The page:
The Antitrust Laws of the United States of America: A Study of Competition Enforced by Law

By A. D. Neale | Go to book overview
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Introductory Note

A word about sources may be useful to introduce this index. The fullest record of American cases is, of course, to be found in the official or national law-reports, and the practising lawyer or law student will have these reports available. As this book is not designed primarily for professional lawyers, it has not been thought necessary to give the official or national reporter citations for the cases. Armed with the name of the case, the court and the date from the index below (as well as the secondary sources given below), the serious student will in any case have no great difficulty in tracing the citations.

The reader who simply wishes to study the court opinions quoted in this book in more detail will probably find the secondary sources more convenient. For a general conspectus of the subject and a convenient source of the older cases, he will want a good legal textbook. There are several excellent ones, my own greatest debts being owed to:

S. C. Oppenheim, Cases on Federal Anti-trust Laws, American Casebook Series ( New York, West Publishing Co., 1948)1 and M. Handler, Cases and other Materials on Trade Regulation, University Casebook Series ( New York, Foundation Press, 1947).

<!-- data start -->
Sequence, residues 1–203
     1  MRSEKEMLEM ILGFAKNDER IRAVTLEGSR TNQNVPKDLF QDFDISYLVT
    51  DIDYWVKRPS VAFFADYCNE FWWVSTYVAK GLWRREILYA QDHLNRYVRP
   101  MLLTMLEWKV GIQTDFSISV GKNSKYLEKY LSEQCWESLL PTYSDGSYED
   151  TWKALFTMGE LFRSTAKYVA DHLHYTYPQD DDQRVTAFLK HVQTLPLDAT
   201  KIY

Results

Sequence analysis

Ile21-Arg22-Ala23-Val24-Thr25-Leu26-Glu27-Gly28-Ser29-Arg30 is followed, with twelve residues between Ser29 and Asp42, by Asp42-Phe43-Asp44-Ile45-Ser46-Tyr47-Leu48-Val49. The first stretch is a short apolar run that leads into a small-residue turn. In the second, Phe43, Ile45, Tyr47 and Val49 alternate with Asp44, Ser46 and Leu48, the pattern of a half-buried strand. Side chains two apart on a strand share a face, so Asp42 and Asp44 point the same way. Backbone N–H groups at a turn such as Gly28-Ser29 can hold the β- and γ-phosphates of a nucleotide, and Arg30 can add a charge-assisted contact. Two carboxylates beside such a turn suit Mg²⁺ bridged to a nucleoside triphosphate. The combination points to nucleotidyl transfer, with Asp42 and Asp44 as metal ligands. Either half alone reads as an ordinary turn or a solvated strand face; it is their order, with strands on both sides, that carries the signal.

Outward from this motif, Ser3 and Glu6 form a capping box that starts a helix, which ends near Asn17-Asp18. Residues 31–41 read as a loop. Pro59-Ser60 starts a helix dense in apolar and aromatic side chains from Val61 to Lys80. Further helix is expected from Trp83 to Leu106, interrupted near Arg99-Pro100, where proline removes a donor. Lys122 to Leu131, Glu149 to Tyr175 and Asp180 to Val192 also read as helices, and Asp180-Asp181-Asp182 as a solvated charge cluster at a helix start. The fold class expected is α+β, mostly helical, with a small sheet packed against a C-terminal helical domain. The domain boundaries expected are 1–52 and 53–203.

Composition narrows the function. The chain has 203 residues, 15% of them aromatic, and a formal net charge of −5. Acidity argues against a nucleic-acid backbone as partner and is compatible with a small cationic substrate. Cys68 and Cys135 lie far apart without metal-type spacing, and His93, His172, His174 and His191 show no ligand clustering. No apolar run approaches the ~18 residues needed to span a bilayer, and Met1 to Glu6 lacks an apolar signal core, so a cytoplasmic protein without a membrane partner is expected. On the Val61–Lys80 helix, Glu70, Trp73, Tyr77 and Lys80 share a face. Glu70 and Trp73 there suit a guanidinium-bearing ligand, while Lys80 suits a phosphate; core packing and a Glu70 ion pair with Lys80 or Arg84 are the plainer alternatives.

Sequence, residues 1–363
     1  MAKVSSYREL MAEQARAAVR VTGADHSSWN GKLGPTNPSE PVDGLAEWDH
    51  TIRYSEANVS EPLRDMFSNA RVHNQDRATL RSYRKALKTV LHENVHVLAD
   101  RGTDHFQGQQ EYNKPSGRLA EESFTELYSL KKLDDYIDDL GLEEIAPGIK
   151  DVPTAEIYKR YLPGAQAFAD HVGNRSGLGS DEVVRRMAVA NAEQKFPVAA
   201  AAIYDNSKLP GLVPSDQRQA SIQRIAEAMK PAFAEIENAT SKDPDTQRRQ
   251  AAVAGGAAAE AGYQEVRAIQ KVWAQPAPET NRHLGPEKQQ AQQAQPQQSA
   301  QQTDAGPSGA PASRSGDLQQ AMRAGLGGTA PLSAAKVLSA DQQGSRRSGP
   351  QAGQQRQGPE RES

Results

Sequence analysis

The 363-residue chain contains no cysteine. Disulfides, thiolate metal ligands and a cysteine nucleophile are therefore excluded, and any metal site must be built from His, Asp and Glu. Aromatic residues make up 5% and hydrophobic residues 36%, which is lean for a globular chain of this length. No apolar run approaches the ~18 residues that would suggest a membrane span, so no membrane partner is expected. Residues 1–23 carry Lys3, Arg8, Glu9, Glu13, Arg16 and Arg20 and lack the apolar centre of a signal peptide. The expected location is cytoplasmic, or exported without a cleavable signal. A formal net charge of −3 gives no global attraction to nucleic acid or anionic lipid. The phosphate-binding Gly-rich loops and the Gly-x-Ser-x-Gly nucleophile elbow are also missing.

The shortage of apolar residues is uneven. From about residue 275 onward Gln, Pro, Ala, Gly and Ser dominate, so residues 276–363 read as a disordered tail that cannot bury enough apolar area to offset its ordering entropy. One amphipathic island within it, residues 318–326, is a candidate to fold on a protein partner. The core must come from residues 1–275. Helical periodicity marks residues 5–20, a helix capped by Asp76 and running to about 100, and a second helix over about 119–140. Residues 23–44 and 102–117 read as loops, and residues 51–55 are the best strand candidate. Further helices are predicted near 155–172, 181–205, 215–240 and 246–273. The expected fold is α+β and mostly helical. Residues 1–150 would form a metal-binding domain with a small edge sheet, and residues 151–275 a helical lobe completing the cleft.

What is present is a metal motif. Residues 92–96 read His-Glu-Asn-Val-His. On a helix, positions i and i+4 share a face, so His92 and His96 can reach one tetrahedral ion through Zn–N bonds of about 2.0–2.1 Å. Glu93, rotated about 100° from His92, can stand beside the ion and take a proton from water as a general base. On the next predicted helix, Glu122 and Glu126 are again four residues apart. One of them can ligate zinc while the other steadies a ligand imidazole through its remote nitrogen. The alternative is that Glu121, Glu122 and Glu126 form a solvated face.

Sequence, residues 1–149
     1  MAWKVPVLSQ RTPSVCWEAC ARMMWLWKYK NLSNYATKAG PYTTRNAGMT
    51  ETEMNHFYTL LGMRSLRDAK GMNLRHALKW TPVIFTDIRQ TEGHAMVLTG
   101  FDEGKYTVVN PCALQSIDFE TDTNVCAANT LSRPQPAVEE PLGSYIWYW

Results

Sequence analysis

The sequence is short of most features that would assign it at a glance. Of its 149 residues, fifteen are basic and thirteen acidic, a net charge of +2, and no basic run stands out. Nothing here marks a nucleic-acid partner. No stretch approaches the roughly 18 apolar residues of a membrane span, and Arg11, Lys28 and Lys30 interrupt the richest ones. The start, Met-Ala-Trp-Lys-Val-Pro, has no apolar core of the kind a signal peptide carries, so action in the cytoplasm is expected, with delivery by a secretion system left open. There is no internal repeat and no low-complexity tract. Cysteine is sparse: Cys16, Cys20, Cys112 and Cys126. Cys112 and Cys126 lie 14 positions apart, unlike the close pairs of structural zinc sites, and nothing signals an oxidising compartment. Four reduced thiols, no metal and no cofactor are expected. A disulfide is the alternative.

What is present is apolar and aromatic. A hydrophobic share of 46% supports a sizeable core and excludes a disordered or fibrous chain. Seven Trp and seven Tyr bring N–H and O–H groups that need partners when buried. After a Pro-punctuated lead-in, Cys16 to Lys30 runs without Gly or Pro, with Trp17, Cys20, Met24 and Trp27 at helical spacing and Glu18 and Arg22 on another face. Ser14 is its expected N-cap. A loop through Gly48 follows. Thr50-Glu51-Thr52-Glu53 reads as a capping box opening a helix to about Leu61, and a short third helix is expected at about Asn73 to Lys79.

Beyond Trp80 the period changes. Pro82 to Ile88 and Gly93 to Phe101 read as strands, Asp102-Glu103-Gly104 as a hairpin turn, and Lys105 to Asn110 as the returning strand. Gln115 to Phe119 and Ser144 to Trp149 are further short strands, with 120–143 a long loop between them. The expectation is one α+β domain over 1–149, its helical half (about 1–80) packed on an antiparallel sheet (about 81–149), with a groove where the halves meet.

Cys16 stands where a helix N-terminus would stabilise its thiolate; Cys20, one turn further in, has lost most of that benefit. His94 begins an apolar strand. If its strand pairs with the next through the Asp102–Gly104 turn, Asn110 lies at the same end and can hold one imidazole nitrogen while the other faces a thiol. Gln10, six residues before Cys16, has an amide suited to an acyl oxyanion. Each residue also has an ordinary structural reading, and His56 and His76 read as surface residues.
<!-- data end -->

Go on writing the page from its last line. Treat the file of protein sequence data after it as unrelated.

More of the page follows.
Those who compile textbooks suffer, as will the present author, from the impossibility of being completely up-to-date. The indispensable source for the recent cases is the series of volumes of Trade Cases, published annually by the Commerce Clearing House, Chicago, and the means of keeping up-to-date is to consult these volumes and the same company's current Trade Regulation Reports.

In addition many commentaries give lavish citations of cases. Perhaps the most useful is The Report of the Attorney General's National Committee to Study the Antitrust Laws( Washington, 1935).

It may be helpful to mention also the annual Symposia of the Section on Antitrust Law of the New York State Bar Association published by Commerce Clearing House, and in particular the volume entitled How to Comply with the Antitrust Laws (Commerce Clearing House, 1954) which incorporates the Symposium for 1954.

In the index which follows cases in which the United States or the Federal Trade Commission was the plaintiff are listed under the name of the other party.

S.C.Supreme Court
Cir.Circuit Court of Appeals (preceded by figure indicating the circuit concerned
or D.C. for District of Columbia)
D.Federal District Court (followed by abbreviation for State concerned, for
example N.Y., Mass., etc.)
F.T.C.Federal Trade Commission
Oppenheim has a companion volume on Unfair Trade Practices which deals among other things with the cases on resale-price maintenance and price-discrimination. (American Casebook Series, New York, West Publishing Company, 1950).


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